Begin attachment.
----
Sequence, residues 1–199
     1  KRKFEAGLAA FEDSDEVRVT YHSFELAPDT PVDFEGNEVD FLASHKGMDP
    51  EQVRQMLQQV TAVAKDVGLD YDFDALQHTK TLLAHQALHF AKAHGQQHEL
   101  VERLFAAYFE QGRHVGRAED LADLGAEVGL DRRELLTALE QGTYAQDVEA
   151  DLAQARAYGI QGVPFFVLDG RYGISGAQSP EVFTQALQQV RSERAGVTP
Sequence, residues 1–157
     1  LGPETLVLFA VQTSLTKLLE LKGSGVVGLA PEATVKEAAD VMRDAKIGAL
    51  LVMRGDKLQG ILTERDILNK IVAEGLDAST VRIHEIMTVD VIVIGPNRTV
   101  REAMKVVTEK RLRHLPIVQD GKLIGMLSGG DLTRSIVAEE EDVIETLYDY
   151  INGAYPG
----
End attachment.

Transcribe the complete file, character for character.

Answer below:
Sequence, residues 1–199
     1  KRKFEAGLAA FEDSDEVRVT YHSFELAPDT PVDFEGNEVD FLASHKGMDP
    51  EQVRQMLQQV TAVAKDVGLD YDFDALQHTK TLLAHQALHF AKAHGQQHEL
   101  VERLFAAYFE QGRHVGRAED LADLGAEVGL DRRELLTALE QGTYAQDVEA
   151  DLAQARAYGI QGVPFFVLDG RYGISGAQSP EVFTQALQQV RSERAGVTP
Sequence, residues 1–157
     1  LGPETLVLFA VQTSLTKLLE LKGSGVVGLA PEATVKEAAD VMRDAKIGAL
    51  LVMRGDKLQG ILTERDILNK IVAEGLDAST VRIHEIMTVD VIVIGPNRTV
   101  REAMKVVTEK RLRHLPIVQD GKLIGMLSGG DLTRSIVAEE EDVIETLYDY
   151  INGAYPG